course title:
MULTIRESOLUTION SURFACE MODELING
organizer:
Paul S. Heckbert
Assistant Professor
Computer Science Dept.
Carnegie Mellon University
5000 Forbes Ave
Pittsburgh PA 15213-3891
Email: ph@cs.cmu.edu
Web: http://www.cs.cmu.edu/~ph
Paul Heckbert is an Assistant Professor of Computer Science at Carnegie
Mellon University. His research interests are computer graphics
and rendering and modeling, specifically multiresolution surface modeling,
radiosity, mesh generation, and texture mapping. Heckbert has a BS in
Mathematics from MIT, and MS and PhD in Computer Science from the
University of California at Berkeley. Previously he worked at the New
York Institute of Technology Computer Graphics Lab and at Pixar, and
he edited the book "Graphics Gems IV".
format:
all day lecture, with live demonstrations, video, and question periods.
tentative syllabus (as of 12/96):
Paul Heckbert, 80 min.
Introduction
Taxonomy and Survey of Surface Simplification Algorithms
needs of various applications
surface types: height field, manifold, non-manifold
survey of simplification algorithms
Terrain Simplification Algorithms
greedy insertion algorithm
SCAPE software
Non-manifold Simplification Algorithms
Garland-Heckbert edge collapse algorithm
Applications in Special Effects and Radiosity
Jarek Rossignac, 60 min.
Simplification Algorithms
Rossignac-Borrel vertex clustering algorithm
Ronfard-Rossignac edge collapse algorithm
IBM's Interaction Accelerator software
Theoretical Issues
error measures
computational complexity of simplification
Practical Issues with Simplification
compression
Applications in Computer Aided Design
piecewise planar surfaces
curved surfaces
Hugues Hoppe, 60 min.
Multiresolution Models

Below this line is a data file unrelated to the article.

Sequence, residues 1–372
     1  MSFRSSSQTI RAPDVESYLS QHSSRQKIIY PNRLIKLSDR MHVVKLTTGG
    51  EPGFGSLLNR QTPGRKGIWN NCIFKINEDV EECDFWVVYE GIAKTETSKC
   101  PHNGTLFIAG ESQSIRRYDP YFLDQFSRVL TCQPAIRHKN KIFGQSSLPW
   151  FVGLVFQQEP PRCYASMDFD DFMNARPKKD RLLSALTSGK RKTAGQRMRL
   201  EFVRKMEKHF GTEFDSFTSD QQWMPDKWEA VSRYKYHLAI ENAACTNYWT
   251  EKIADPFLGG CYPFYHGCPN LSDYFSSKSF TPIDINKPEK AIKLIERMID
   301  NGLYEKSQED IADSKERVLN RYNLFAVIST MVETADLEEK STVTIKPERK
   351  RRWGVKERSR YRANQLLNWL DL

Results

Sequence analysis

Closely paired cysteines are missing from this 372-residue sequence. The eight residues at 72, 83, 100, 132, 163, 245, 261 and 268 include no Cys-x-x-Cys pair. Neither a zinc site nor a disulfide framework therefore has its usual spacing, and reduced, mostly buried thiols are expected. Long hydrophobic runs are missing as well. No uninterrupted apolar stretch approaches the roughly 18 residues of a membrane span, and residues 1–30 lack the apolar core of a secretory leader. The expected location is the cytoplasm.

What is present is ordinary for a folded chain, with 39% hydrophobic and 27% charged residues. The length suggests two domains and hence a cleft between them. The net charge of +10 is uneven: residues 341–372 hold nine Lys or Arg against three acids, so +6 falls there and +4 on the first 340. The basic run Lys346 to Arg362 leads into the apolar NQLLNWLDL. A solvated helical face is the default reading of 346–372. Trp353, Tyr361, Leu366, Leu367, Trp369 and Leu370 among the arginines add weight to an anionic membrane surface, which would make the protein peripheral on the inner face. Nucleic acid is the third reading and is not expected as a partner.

progressive mesh algorithm
geomorph
surface model compression
applications in network transmission of models
wavelet mesh simplification
Will Schroeder, 60 min.
Simplification Algorithms
mesh decimation algorithm
VTK software
How to Select Levels of Detail
Applications in Visualization
simplification of marching cubes output
Marc Soucy, 60 min.
Simplification Algorithms
vertex decimation algorithm
Shape Acquisition and Computer Vision
simplification of laser scanner output
texture acquisition
InnovMetric's ImCompress software
Amitabh Varshney, 60 min.
Simplification Algorithms
simplification envelopes algorithm
real-time, adaptive, view-dependent level of detail
volume-based decimation
Practical Issues in Simplification
generation of triangle strips
presenter information:
Hugues Hoppe
Microsoft Research
Microsoft Corporation
One Microsoft Way
Redmond, WA 98052-6399
Web: http://www.research.microsoft.com/research/graphics/hoppe/
Hugues Hoppe is a researcher in the Computer Graphics Group of
Microsoft Research. His main area of interest is geometric modeling.
Recently, his efforts have focused on level-of-detail
(multiresolution) representations for storage, transmission, and
rendering of complex polygonal models. He has also done research on
the reconstruction of geometric models from 3D scanned data. He
received a BS in electrical engineering in 1989 and a PhD in computer
science and engineering in 1994 from the University of Washington.
Jarek Rossignac
Director of GVU Center, Professor in the College of Computing
Graphics, Visualization, and Usability Center
Georgia Institute of Technology, CoC 241
Atlanta, GA 30332-0280
Email: jarek@cc.gatech.edu
Web: http://www.cc.gatech.edu/gvu/people/jarek.rossignac
Jarek Rossignac is Professor in the College of Computing at Georgia
Institute of Technology and the Director of GVU, Georgia Tech's
Graphics, Visualization, and Usability Center. Prior to joining
Georgia Tech, Jarek was the strategist for Visualization and the Senior
Manager of the Visualization, Interaction, and Graphics department at
IBM Research, where he managed research groups involved in 3D modeling,
design review, scientific visualization, medical imaging, and VR. His